Posted 18 July 2007 - 01:08 PM
The Science of Folding@Home
from the F@H website:
WHAT ARE PROTEINS?
Proteins are necklaces of amino acids --- long chain molecules. Proteins are the basis of how biology gets things done. As enzymes, they are the driving force behind all of the biochemical reactions which make biology work. As structural elements, they are the main constituent of our bones, muscles, hair, skin and blood vessels. As antibodies, they recognize invading elements and allow the immune system to get rid of the unwanted invaders. For these reasons, scientists have sequenced the human genome -- the blueprint for all of the proteins in biology -- but how can we understand what these proteins do and how they work?
RELATIONSHIP TO THE HUMAN GENOME PROJECT
Since proteins play such fundamental roles in biology, scientists have sequenced the human genome. The genome is in a sense a "blueprint" for these proteins -- the genome contains the DNA code which specifies the sequence of the amino acids beads along the protein "necklace."
WHY DO PROTEINS "FOLD"?
However, only knowing this sequence tells us little about what the protein does and how it does it. In order to carry out their function (eg as enzymes or antibodies), they must take on a particular shape, also known as a "fold." Thus, proteins are truly amazing machines: before they do their work, they assemble themselves! This self-assembly is called "folding."
One of our project goals is to simulate protein folding in order to understand how proteins fold so quickly and reliably, and to learn how to make synthetic polymers with these properties. Movies of the results of some of these simulation results can be found here.
PROTEIN FOLDING AND DISEASE: BSE (Mad Cow), Altzheimer's, ...
What happens if proteins don't fold correctly? Diseases such as Alzheimer's disease, cystic fibrosis, BSE (Mad Cow disease), an inherited form of emphysema, and even many cancers are believed to result from protein misfolding.
When proteins misfold, they can clump together ("aggregate"). These clumps can often gather in the brain, where they are believed to cause the symptoms of Mad Cow or Alzheimer's disease.
PROTEIN FOLDING AND NANOTECHNOLOGY: Building man made machines on the nanoscale
In addition to biomedical applications, learning about how proteins fold will also teach us how to design our own protein-sized "nanomachines" to do similar tasks. Of course, before nanomachines can carry out any activity, they must also be assembled.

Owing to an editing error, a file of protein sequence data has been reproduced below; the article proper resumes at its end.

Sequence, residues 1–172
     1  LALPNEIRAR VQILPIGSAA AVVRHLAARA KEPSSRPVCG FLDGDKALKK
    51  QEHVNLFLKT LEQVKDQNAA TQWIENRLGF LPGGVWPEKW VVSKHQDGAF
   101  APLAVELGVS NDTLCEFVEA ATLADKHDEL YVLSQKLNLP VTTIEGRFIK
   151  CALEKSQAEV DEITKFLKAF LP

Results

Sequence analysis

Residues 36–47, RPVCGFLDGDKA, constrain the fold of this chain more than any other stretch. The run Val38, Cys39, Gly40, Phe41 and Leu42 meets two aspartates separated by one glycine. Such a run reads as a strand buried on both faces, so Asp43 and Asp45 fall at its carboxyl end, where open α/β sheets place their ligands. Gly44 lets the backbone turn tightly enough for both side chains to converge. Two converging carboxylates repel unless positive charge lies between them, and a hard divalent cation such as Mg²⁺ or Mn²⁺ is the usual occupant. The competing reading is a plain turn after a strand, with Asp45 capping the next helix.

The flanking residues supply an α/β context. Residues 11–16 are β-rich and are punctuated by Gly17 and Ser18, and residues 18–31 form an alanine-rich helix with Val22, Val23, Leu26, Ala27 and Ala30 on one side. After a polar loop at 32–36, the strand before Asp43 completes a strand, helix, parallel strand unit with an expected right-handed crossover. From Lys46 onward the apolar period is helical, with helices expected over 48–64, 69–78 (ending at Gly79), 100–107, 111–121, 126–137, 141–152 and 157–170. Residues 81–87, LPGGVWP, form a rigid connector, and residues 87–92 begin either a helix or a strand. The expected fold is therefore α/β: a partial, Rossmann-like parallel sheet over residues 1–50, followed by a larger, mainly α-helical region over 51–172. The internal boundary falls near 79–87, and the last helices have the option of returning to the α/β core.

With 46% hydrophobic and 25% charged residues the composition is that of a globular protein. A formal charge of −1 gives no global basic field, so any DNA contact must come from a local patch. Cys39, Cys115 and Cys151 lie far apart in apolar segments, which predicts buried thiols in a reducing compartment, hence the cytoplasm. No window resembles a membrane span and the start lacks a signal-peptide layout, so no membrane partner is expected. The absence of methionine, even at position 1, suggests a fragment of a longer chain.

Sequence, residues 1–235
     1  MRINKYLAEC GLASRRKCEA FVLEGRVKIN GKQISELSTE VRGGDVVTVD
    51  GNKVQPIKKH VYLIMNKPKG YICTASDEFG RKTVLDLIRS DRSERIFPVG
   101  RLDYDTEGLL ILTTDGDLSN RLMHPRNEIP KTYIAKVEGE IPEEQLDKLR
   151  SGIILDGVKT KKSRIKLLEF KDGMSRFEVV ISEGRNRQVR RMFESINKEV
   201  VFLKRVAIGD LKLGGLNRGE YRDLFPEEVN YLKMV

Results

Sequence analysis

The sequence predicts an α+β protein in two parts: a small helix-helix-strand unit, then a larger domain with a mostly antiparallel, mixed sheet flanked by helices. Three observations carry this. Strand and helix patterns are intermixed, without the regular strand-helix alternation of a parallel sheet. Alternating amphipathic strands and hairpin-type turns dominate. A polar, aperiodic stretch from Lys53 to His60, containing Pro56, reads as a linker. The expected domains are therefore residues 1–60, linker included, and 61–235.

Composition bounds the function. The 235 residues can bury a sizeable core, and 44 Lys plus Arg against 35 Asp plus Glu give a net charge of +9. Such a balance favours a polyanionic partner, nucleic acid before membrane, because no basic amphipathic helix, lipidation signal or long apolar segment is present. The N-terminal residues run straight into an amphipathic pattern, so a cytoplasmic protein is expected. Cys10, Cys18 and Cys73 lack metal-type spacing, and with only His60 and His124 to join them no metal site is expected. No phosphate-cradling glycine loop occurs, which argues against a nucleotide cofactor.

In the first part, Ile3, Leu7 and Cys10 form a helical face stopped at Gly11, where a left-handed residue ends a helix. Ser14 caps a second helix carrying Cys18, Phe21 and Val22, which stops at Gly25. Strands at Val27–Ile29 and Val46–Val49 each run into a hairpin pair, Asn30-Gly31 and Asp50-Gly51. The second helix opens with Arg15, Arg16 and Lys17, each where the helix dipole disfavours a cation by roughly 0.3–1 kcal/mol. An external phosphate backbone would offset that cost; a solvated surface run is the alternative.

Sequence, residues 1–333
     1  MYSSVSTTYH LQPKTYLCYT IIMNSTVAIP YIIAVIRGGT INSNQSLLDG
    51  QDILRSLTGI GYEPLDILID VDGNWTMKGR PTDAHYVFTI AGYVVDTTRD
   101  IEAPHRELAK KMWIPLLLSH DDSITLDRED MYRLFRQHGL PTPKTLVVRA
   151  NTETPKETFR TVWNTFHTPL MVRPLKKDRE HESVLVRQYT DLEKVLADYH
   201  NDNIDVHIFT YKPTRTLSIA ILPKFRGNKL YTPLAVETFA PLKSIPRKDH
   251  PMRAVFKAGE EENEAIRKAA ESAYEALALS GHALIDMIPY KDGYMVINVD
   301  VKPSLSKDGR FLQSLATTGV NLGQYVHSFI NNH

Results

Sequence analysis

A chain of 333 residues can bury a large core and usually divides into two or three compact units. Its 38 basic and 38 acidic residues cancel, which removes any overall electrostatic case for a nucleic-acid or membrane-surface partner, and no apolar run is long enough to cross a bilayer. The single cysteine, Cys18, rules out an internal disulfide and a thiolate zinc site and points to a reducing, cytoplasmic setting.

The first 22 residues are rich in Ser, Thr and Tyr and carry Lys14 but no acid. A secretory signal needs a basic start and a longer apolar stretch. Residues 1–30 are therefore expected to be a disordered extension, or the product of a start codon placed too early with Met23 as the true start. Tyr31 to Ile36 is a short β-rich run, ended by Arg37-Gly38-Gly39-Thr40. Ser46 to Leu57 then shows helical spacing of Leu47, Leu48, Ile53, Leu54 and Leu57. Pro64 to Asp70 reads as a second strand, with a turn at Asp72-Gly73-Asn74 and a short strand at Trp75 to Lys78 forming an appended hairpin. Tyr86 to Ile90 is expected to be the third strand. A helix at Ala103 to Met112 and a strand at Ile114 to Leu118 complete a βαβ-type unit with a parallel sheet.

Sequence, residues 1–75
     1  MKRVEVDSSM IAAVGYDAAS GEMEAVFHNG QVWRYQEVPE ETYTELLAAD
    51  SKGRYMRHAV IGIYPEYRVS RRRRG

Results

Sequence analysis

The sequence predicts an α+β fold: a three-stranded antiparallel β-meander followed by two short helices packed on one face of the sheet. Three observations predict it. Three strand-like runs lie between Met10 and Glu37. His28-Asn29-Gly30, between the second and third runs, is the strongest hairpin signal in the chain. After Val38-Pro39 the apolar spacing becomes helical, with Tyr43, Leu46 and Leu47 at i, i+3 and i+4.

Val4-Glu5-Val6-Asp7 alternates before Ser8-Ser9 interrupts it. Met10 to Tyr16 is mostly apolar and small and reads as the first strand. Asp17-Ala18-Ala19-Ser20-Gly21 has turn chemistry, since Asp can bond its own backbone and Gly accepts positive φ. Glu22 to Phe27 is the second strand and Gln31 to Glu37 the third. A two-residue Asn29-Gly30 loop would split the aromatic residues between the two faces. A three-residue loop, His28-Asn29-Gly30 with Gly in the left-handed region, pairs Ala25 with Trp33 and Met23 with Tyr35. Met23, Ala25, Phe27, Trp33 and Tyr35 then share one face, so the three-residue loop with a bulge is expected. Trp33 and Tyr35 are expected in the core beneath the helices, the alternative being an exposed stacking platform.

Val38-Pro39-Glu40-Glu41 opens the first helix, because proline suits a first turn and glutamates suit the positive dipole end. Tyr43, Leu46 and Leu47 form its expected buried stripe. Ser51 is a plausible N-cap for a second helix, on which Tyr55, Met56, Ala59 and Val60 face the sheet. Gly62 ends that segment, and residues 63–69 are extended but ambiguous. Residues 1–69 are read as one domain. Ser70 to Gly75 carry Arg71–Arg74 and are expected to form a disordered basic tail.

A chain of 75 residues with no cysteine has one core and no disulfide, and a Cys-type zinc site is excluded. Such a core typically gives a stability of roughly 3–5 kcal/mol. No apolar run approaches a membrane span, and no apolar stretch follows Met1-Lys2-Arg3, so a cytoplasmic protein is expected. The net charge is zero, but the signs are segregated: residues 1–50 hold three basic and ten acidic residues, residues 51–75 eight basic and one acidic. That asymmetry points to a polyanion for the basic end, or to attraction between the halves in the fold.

WHY IS PROTEIN FOLDING SO DIFFICULT TO UNDERSTAND?
It's amazing that not only do proteins self-assemble -- fold -- but they do so amazingly quickly: some as fast as a millionth of a second. While this time is very fast on a person's timescale, it's remarkably long for computers to simulate.
In fact, it takes about a day to simulate a nanosecond (1/1,000,000,000 of a second). Unfortunately, proteins fold on the tens of microsecond timescale (10,000 nanoseconds). Thus, it would take 10,000 CPU days to simulate folding -- i.e. it would take 30 CPU years! That's a long time to wait for one result!
A SOLUTION: DISTRIBUTED DYNAMICS
To solve the protein folding problem, we need to break the microsecond barrier. Our group has developed multiple new ways to simulate protein folding which can break the microsecond barrier by dividing the work between multiple processors in a new way -- with a near linear speed up in the number of processors. Thus, with power of Folding@Home (over 100,000 processors), we have successfully smashed the microsecond barrier, simulating milliseconds of folding time and helped to unlock the mystery of how proteins fold.
WHAT HAVE WE DONE SO FAR AND WHERE ARE WE GOING?
Folding@Home has been a success. We have folded several small, fast folding proteins, with experimental validation of our method. We are now working to further develop our method, and to apply it to more complex and interesting proteins and protein folding and misfolding questions.
Since then, Folding@Home has studied more complex proteins, reporting on the folding of many proteins on the microsecond timescale, including BBA5, the villin headpiece, Trp Cage, among others.
More recently, we have been putting a great deal of effort into studying proteins relevant for diseases, such as Alzheimer's, Hunntington's, and Osteogenesis Imperfecta.